Adherence – or the way patients follow and keep up with medical treatments, is an important aspect to improve the health of the overall population. At Abbott, we are taking a unique approach to improving adherence, so that we can help patients live better.

Despite numerous medical advances and new medicine launches, control over various chronic diseases has not improved, driven primarily by non-adherence to treatments 1,2


of patients never fill their
first prescription.3,4


of patients do not take
their treatments as directed.5


of patients stop their
treatments earlier than recommended.4

Non-adherence has a devastating social and economic impact


Poor adherence contributes to 200,000 premature deaths in Europe per year.4

125 Bn

125 billion euro per year in excess healthcare services in Europe, and in the US 105 billion USD per year in avoidable hospitalizations alone.4

Non-adherence is a multidimensional challenge driven by varied factors including :

Patient Awareness

  • Inadequate knowledge about therapy
  • Poor communication with healthcare professionals6

Socio-Cultural Beliefs

  • Cultural beliefs
  • Fear of side-effects
  • Lack of belief in treatment need6

Treatment fatigue

  • Lack of visible benefit in long-term treatments
  • Complex dosing schedules6

Economic Factors

  • Financial worries
  • Lack of access to healthcare6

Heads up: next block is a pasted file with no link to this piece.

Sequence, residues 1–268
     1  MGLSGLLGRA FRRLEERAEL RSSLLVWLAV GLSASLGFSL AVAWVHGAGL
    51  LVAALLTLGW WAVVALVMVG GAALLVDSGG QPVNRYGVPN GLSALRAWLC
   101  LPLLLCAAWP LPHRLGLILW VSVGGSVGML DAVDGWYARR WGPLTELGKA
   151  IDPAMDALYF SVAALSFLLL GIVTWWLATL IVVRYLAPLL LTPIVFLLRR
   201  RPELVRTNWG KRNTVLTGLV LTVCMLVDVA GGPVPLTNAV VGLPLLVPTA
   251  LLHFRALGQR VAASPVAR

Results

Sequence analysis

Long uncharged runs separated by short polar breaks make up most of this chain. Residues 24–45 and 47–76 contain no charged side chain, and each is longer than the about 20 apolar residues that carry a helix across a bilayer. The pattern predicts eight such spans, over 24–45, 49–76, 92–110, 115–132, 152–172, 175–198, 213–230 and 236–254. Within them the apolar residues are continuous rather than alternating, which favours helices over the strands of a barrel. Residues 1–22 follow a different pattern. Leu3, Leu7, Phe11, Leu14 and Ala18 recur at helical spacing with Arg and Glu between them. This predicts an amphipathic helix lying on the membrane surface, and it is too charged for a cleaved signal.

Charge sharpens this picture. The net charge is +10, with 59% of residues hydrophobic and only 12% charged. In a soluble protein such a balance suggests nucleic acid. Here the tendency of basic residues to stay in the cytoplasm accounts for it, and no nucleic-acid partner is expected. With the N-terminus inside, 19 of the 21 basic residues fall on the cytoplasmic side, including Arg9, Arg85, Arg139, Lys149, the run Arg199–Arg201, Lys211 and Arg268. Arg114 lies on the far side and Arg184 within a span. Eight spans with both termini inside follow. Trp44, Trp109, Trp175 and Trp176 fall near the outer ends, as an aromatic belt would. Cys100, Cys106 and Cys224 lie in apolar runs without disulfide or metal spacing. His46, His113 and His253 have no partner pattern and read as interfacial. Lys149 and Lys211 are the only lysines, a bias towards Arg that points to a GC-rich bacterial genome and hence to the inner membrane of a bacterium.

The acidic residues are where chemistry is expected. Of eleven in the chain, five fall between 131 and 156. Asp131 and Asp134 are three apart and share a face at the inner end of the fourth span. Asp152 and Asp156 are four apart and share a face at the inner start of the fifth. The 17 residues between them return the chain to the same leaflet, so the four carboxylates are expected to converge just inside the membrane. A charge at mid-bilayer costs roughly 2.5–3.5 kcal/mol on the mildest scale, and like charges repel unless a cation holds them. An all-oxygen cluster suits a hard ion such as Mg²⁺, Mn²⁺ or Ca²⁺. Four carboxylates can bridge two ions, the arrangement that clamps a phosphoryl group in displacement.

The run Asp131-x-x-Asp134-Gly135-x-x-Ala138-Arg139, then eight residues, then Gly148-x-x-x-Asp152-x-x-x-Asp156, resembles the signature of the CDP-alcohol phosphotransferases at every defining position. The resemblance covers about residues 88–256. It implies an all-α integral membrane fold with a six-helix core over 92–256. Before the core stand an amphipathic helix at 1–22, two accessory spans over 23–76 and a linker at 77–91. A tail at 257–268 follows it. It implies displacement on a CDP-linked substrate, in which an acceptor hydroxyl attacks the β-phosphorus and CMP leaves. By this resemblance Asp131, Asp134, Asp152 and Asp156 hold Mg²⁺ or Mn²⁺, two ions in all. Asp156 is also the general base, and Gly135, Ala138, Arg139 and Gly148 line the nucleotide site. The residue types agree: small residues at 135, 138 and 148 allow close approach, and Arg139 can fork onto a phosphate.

Lack of access to medical care is a key healthcare challenge in emerging markets.

Concentration of healthcare resources in urban areas

83.5% of doctors in Thailand are based in urban areas7. In India 59.2% of healthcare workers are concentrated in urban areas, where only 27.8% of the population resides.8

Primary care consultations last a very short time for half the world’s population9

Time spent with a doctor is important to help explain a condition and share important treatment information.
But it is quite limited – doctors only spend 1.5 min with their patients in India, compared to 22.5 min in Sweden.9

Addressing adherence is a major step forward towards improved patient outcomes

Usually, after a diagnosis, taking a medicine is the first step on the road to better health. But a large number of patients don’t take their medicine as prescribed. Adherence is all about the extent to which patients follow medical treatment and advice.10


of a treatment means that the patient has received the medicines prescribed by the doctor 11


of a treatment means that the patient has taken the medicine over the initially intentioned duration 11-13


with treatment means that the patient has taken the medicines as prescribed11-13

Adherence is a behavior

Majority of patients state “forgetting” as their main reason for non-adherence.15

However, recent studies show that providing reminders are only helpful if patients are motivated to take their medicines and comply with their treatment.16

Adherence is a repeated and ongoing health behavior. If patients are not adherent, they need something to help them change their behavior. Using theory-driven, evidence-based behavioral interventions can influence patient health.

Behavioral science can help us to understand why patients do not take their treatment.
Learn more by exploring the articles and view the masterclasses.